‘Schools should not have to worry about being attacked in the same way as Peter Tatchell’

With almost daily rows over free speech, schools would be right to be worried about falling foul of the 'linguistical correctness' police, writes the director of the Institute of Ideas

Claire Fox

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Another day, another university free speech furore. This week, the NUS LGBT officer Fran Cowling declared that she couldn’t possibly share a platform with gay-rights campaigner Peter Tatchell because he is transphobic. Sigh. Don’t console yourself that such madness is confined to the margins of campus activism. If a legendary activist like Tatchell can be accused of bigotry, then God help mere mortal and less politically on-message teachers negotiating today’s Gender Wars.

Tatchell’s crime was that he signed an open letter in the Observer last year calling on universities and other organisations to “stand up to attempts at intimidation and affirm their support for the basic principles of democratic political exchange”. The affronted Ms Cowling may be studying for a PhD, but she obviously still needs lessons in irony. More broadly, today’s too-easily-offended, censorious student activists have all only recently left school, so you can be sure this trend will be hitting classrooms any time soon.

The minefield of gender fluidity

One particular minefield is ensuring linguistic correctness, and this is especially tricky in relation to the newly fashionable field of gender fluidity. Feminist journalist Suzanne Moore got labelled transphobic for the incorrect use of the word transsexual. Apparently, it is offensive to use the word as a noun rather than as an adjective. Indeed, the term ‘transsexual’ has been replaced by ‘transgender’. Another layer of complexity is the demand for non-binary, gender-neutral pronouns and honorifics like “they” and “xe”. This is a minefield, as exemplified by an FT article on workplace equality, titled Mx matters as much as Lord, Prof, Ms and Mr – FT.com (20 October 2015, FT): “I, for example, consider myself as gender fluid or gender variant. I like to be Phil one day and Pippa another, using different forms of dress and make-up to do so. I do it at home and at work. I am straight, have been married for more than 20 years and have two children.”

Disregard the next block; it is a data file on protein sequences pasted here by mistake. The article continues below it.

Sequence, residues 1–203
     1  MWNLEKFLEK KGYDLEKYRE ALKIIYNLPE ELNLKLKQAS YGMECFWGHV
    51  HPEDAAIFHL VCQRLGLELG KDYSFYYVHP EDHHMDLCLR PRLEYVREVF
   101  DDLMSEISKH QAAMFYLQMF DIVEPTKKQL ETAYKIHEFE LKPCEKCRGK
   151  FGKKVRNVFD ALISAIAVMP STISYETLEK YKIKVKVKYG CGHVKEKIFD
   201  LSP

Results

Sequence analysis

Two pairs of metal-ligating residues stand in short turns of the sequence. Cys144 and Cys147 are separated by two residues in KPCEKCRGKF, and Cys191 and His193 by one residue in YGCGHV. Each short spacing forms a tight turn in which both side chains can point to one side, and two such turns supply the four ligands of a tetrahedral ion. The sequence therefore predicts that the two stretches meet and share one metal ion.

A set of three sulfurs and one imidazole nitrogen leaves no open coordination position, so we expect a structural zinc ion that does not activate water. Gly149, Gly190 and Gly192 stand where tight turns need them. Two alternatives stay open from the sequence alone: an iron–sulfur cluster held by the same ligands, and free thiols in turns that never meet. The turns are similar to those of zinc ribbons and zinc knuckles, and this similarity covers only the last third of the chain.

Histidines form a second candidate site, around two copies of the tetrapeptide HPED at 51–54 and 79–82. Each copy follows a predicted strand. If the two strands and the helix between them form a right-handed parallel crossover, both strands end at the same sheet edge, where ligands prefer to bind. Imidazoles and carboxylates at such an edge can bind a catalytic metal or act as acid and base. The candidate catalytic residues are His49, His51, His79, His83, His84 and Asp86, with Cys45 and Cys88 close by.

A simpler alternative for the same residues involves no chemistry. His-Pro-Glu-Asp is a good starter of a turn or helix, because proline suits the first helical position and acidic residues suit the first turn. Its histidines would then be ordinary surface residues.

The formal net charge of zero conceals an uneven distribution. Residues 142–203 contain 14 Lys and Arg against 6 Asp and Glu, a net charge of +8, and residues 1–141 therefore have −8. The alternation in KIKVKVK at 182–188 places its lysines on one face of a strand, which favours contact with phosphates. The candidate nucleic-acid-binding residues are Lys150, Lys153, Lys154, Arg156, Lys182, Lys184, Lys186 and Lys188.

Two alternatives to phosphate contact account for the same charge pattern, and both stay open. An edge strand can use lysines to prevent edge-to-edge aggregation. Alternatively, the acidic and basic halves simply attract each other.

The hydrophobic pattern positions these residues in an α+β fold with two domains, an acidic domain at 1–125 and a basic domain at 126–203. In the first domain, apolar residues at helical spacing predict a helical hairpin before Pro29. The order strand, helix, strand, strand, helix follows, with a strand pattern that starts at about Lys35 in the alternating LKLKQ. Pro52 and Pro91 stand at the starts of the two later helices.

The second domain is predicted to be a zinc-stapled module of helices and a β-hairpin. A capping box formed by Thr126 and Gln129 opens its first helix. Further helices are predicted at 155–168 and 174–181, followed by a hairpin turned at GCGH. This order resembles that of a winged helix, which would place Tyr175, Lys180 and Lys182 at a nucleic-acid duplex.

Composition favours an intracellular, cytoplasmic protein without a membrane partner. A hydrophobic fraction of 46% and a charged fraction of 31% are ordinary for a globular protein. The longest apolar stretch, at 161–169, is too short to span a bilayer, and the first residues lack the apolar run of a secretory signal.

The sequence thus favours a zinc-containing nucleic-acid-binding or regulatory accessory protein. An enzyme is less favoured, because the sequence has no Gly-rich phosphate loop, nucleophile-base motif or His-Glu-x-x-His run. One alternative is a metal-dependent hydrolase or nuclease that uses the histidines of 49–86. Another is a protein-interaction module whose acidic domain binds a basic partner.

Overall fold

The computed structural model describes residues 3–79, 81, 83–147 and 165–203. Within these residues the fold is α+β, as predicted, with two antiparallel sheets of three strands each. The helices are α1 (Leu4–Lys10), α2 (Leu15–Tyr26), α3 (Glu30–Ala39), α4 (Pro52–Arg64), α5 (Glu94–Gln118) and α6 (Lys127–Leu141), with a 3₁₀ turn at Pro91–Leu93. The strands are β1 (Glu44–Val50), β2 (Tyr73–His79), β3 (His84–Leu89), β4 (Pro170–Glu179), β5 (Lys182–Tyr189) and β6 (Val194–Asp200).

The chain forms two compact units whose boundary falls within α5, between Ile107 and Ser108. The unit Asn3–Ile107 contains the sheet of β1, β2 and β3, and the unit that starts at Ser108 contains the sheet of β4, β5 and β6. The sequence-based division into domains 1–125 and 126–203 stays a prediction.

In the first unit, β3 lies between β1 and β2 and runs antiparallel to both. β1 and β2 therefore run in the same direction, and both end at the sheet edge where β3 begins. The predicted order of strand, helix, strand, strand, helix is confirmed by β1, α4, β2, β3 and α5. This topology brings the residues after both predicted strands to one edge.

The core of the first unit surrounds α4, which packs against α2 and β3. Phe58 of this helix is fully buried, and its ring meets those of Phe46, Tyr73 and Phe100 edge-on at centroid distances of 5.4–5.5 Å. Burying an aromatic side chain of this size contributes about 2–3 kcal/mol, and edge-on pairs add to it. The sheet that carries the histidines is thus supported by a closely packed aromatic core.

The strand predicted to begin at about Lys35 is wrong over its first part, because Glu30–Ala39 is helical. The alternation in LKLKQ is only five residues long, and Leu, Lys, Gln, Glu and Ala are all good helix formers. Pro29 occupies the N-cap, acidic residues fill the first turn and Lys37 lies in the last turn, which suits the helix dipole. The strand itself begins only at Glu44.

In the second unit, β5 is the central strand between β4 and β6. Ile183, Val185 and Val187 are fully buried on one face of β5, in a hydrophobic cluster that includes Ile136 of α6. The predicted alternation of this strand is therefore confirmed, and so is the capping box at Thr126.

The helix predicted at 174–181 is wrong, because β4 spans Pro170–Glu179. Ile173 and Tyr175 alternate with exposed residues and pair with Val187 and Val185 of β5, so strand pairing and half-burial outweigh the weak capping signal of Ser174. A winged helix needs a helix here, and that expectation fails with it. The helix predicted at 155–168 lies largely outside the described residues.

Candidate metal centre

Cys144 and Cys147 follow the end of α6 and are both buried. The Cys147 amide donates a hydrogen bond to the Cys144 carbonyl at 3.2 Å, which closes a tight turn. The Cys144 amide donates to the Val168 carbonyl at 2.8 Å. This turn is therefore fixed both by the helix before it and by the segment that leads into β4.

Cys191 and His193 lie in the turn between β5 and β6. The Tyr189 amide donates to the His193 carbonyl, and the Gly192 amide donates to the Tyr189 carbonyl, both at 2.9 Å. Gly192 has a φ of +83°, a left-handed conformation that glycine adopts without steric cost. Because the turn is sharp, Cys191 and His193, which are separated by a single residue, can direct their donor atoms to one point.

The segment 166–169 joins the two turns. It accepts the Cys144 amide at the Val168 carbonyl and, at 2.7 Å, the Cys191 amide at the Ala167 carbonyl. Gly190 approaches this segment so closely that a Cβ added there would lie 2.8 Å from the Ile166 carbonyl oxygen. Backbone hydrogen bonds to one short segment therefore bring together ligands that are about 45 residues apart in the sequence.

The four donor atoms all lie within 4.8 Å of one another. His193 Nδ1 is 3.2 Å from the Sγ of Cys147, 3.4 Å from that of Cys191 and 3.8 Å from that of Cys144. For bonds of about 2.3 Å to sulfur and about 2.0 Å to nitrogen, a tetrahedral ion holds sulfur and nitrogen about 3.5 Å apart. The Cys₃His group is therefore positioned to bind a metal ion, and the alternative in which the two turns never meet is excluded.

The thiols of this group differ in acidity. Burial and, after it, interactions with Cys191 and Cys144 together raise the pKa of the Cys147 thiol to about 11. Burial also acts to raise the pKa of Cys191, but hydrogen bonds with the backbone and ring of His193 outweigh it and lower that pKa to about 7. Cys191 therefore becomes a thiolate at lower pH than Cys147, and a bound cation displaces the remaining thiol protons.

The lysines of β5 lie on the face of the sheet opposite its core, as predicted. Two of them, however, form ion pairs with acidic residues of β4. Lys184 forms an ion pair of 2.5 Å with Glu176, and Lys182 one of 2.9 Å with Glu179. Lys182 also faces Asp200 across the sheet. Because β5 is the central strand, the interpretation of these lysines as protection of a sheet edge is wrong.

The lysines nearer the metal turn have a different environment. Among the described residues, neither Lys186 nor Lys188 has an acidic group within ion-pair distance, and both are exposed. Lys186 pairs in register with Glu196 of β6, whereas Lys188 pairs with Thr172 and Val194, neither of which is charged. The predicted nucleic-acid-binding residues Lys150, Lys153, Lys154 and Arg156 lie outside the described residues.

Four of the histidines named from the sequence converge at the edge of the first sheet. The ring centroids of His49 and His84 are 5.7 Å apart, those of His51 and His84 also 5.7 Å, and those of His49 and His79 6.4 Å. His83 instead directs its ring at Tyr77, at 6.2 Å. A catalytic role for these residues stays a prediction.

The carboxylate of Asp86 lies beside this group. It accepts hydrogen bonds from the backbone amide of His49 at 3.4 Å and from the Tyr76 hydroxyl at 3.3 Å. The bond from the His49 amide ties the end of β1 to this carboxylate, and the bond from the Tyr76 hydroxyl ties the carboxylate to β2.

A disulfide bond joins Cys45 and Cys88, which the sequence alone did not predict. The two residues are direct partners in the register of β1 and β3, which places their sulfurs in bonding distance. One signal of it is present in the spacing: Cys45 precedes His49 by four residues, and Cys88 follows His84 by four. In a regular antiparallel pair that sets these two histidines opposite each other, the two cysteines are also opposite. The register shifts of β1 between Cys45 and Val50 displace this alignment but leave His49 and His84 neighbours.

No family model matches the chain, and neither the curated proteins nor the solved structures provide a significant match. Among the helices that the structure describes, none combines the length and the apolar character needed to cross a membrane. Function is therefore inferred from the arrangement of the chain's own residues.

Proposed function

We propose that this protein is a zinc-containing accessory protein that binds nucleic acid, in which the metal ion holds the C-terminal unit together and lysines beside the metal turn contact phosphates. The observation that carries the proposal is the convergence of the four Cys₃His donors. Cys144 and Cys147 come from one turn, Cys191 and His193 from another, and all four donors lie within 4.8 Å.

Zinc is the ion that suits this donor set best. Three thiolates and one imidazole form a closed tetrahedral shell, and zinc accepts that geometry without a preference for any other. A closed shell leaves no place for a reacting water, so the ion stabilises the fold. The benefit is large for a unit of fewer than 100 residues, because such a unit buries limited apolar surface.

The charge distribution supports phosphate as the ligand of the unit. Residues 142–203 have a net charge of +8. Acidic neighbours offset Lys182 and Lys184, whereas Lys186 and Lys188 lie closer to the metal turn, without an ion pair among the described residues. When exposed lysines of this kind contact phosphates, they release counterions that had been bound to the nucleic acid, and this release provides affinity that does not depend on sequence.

Trans identities and schools

Surely this isn’t something that teachers need to worry about? Well, if your pupils participate in the Oxford Schools' debating competition (organised in association with Teach First), you will need to get with the programme. The organisers of the international competition have just updated its equity policy, announcing that they will be “implementing pronoun introductions for all debates…to ensure no participants are misgendered, and all debaters are referred to in the way that they would like”. This code of conduct is to be imposed with an unapologetic tone of intolerance: “It is very important to note that any attempts to undermine pronoun introductions will not be tolerated.” (my emphasis). Examples are given: “Once the chair introduces [all the speakers and judges] by name and pronoun (eg, ‘Good morning, my name is David and my pronoun is ‘he’, and I’ll be chairing this round’)… Who’s speaking first in Opening Government? Sarah, she. And second? Alex, they’).” Got that?

Brighton College has hit the headlines by scrapping distinctions between boys’ and girls’ uniforms to accommodate transgender students. This has been greeted as forward thinking, but it could also open a can of worms for schools in terms of self-identification as a core theme of recent discussions on transgender. Headteacher Richard Cairns explains his decision as “reacting to a changing society, which recognises that some children have gender dysphoria and do not wish to lose their emotional gender identities at school”. But this is more than a humane response to a rare condition where a person experiences a mismatch between their biological sex and gender identity. The problem is that gender dysphoria is increasingly hard to define. This is especially true now that it has been disassociated from the medical sphere, which a recent House of Commons report from the Women and Equalities Committee argued “pathologises trans identities”, preferring instead to endorse “the principles of gender self-declaration…centred on the wishes of the individual”.